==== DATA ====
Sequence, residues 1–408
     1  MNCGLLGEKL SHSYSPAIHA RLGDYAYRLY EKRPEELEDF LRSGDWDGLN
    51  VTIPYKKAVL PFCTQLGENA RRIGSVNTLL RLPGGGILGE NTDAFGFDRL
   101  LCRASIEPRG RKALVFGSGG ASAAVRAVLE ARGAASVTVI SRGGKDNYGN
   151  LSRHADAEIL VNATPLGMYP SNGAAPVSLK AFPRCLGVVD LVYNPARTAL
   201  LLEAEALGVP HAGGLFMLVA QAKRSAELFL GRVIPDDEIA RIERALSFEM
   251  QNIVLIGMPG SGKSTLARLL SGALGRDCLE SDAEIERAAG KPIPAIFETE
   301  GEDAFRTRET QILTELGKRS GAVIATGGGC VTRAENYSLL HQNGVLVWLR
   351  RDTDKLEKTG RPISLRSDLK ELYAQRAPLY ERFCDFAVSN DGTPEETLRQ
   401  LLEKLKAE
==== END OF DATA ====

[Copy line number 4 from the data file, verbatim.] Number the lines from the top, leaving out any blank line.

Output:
   101  LCRASIEPRG RKALVFGSGG ASAAVRAVLE ARGAASVTVI SRGGKDNYGN